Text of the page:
Thursday, March 19, 2009

Imagining Hartford without its daily

Even though my media history class was discussing "What 'missing the newspaper' means," I missed David Folkenflik's NPR piece last month that used my alma mater, The Hartford Courant, as a "what if?" example of just that topic. I'm glad I stumbled on it today. And, thanks to NPR's use of the Web, a transcript and the original audio are online...

See Imagining A City Without Its Daily Newspaper. As Folkenflik mentions, the Courant is the nation's oldest continuously published newspaper, as well as being the main source of news in the capital city of one of the wealthiest states in the union.

Here's one telling scene:
"In the State House press room, unopened mail was piled high on the desk set aside for The New York Times on a recent day. The Times stopped covering Hartford altogether last year. Some in-state dailies no longer send reporters either. The retreat by other news organizations makes even the diminished Courant more relevant than ever."

Folkenflik's follow-up story discusses the nonprofit model for newspapers, and one of his examples is another Connecticut publication, the online-only New Haven Independent, started a few years ago by former newspaperman Paul Bass.

Note: "What 'Missing the newspaper' means" is a classic study by Bernard Berelson, conducted during a newspaper delivery strike in New York City more than 50 years ago. For a good summary, and a follow-up, see "No newspaper is no fun--even five decades later," by my friend Clyde Bentley.

Related stories:

Wednesday, March 18, 2009

Growing a new forest of news while dead-tree media fall

A picture named sbjnewsflow.jpg

Seeing a new media ecology

My headline takes some liberties with Stephen Berlin Johnson's ecological metaphor for the current transition in the reporting and delivery of news, but I recommend his essay, one of several good ones this week on saving the news or finding a sustainable model for civic or public affairs journalism. Johnson's discussion leads to his information flowchart at the right.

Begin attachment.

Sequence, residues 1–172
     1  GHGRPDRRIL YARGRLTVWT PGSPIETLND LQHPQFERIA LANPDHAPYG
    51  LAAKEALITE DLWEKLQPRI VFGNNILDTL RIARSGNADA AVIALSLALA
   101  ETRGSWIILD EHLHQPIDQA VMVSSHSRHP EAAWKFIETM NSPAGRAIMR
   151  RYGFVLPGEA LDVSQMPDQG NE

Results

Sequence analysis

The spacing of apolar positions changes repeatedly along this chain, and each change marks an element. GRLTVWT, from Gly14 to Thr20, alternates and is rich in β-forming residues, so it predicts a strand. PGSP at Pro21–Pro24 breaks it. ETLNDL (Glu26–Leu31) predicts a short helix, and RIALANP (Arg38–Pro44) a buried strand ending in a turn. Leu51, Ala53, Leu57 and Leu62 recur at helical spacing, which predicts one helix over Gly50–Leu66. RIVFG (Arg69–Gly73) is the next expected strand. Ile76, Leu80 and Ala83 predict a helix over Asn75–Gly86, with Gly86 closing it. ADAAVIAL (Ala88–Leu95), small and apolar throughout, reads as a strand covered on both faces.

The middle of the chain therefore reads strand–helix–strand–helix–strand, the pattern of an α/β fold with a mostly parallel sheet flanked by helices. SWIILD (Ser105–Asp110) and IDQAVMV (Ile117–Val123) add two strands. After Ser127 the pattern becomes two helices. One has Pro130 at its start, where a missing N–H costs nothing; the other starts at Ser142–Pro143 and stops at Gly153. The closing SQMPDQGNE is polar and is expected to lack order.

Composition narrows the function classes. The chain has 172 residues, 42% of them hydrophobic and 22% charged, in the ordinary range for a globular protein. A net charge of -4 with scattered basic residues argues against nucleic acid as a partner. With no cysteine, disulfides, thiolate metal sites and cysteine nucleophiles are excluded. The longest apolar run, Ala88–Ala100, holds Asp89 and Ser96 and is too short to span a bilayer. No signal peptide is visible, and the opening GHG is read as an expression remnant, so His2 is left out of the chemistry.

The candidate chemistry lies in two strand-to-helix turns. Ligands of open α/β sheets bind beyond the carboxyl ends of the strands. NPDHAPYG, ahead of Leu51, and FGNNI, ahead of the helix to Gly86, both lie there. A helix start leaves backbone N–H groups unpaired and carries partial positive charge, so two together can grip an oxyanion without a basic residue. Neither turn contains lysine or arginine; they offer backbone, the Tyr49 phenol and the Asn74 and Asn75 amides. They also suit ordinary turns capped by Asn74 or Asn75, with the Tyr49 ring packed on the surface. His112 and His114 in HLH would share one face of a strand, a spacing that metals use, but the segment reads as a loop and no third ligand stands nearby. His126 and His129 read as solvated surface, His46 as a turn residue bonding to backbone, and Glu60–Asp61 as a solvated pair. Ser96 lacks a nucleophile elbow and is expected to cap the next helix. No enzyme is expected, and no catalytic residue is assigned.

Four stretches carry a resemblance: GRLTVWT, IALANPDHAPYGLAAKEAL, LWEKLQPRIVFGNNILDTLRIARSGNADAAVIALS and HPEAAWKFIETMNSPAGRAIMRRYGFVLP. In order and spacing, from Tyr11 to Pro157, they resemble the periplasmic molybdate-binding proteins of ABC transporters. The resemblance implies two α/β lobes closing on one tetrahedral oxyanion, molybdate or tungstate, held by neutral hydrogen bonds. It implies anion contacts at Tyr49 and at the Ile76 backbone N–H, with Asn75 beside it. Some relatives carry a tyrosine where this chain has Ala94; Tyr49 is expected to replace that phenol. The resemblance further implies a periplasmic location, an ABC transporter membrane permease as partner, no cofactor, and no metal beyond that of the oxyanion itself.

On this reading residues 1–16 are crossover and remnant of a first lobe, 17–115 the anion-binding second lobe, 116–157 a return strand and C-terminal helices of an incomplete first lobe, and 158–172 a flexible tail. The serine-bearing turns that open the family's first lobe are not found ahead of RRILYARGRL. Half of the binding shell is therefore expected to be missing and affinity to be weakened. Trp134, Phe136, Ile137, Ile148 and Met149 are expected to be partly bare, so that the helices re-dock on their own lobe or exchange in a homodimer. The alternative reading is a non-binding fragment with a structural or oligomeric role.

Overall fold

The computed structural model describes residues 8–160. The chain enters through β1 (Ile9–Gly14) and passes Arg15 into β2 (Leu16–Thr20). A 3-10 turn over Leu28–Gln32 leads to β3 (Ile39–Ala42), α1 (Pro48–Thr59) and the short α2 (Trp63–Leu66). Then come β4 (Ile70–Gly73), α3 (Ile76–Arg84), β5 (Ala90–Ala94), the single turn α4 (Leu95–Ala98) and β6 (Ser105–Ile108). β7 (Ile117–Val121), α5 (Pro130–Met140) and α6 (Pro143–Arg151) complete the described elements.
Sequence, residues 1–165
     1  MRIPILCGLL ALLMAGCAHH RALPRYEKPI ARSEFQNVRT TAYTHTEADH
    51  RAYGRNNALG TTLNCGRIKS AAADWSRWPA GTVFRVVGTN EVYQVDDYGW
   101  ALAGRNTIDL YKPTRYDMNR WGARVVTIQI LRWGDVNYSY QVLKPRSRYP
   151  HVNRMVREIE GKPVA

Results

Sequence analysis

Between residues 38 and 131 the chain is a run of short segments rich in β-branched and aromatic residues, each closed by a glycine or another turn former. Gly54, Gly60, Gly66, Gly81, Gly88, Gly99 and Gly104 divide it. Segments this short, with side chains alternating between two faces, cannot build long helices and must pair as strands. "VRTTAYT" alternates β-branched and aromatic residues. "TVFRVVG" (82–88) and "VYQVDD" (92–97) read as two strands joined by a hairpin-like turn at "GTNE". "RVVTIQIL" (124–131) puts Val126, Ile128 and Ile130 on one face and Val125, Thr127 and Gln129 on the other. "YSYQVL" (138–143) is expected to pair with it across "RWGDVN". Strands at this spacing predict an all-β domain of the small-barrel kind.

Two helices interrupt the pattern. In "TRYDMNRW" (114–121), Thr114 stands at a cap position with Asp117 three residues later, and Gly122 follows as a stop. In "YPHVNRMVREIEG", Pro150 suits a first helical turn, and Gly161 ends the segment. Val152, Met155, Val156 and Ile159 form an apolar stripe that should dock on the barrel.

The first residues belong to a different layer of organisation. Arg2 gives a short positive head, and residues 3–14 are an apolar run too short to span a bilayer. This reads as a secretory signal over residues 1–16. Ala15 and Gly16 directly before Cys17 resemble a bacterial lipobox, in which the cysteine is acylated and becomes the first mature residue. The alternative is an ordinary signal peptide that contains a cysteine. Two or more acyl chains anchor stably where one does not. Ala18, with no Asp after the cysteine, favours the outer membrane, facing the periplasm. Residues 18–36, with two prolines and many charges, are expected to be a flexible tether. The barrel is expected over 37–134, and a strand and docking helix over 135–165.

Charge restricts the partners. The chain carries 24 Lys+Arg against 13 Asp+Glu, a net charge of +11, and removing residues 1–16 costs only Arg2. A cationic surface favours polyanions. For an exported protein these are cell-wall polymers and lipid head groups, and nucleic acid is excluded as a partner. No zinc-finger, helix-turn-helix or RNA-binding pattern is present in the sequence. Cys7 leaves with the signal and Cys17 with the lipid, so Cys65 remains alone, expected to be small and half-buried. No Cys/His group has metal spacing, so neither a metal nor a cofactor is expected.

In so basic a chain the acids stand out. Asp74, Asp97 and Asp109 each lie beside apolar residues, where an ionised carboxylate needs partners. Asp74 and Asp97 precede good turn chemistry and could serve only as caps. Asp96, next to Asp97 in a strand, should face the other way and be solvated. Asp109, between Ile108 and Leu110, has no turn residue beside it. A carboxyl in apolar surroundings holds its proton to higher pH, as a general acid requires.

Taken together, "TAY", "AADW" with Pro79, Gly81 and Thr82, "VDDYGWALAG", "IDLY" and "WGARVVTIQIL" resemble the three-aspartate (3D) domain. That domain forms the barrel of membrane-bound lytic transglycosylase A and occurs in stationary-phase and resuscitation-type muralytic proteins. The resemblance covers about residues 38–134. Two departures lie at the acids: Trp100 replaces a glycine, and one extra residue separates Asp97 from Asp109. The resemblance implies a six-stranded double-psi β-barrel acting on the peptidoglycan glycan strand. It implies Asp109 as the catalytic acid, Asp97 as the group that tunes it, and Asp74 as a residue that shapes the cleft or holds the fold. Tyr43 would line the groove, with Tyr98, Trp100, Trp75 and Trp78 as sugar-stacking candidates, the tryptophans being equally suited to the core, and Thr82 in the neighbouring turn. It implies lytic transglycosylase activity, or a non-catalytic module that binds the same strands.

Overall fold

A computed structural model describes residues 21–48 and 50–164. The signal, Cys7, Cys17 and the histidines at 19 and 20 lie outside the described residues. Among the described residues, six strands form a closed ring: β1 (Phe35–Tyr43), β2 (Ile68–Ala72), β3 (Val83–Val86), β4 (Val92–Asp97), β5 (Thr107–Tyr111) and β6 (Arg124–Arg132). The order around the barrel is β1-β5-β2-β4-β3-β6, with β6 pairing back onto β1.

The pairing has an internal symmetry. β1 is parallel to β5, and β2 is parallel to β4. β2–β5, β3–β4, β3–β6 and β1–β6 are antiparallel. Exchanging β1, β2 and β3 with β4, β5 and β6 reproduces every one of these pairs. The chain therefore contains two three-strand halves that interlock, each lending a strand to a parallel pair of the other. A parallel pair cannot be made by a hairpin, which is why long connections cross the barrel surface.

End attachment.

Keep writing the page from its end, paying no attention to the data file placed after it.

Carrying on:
For more about the trend in newspapers going online-mostly, online-only or out of business, see these:

Johnson's thoughts came out of the much-blogged-about South by Southwest (sxsw) conference, while a panel discussion on the future of The San Francisco Chronicle -- and local news reporting -- inspired Salon co-founder Scott Rosenberg and blogger Dave Winer to write equally thoughtful essays, each finding some room for optimism -- if not about newspapers, about the future of news itself.

(Also see Rosenberg on journalism schools, and Clay Shirky's piece I mentioned a few days ago.)

Sunday, March 15, 2009

Learning from history: Saving journalism, not newspapers

As part of this essay, Clay Shirky goes back to Gutenberg to analyze what happens in a communication revolution: Newspapers and Thinking the Unthinkable.

Among his conclusions:
"Society doesn’t need newspapers. What we need is journalism. For a century, the imperatives to strengthen journalism and to strengthen newspapers have been so tightly wound as to be indistinguishable. That’s been a fine accident to have, but when that accident stops, as it is stopping before our eyes, we’re going to need lots of other ways to strengthen journalism instead.
"When we shift our attention from ’save newspapers’ to ’save society’, the imperative changes from ‘preserve the current institutions’ to ‘do whatever works.’ And what works today isn’t the same as what used to work."

There's a lot more in his essay, which I'm going to assign to media history students and to students looking for journalism careers.

Who's Clay? See his home page

Footnote: I had a sense of deja vu after writing that headline... See Saving journalism may not mean saving newspapers from December 2004.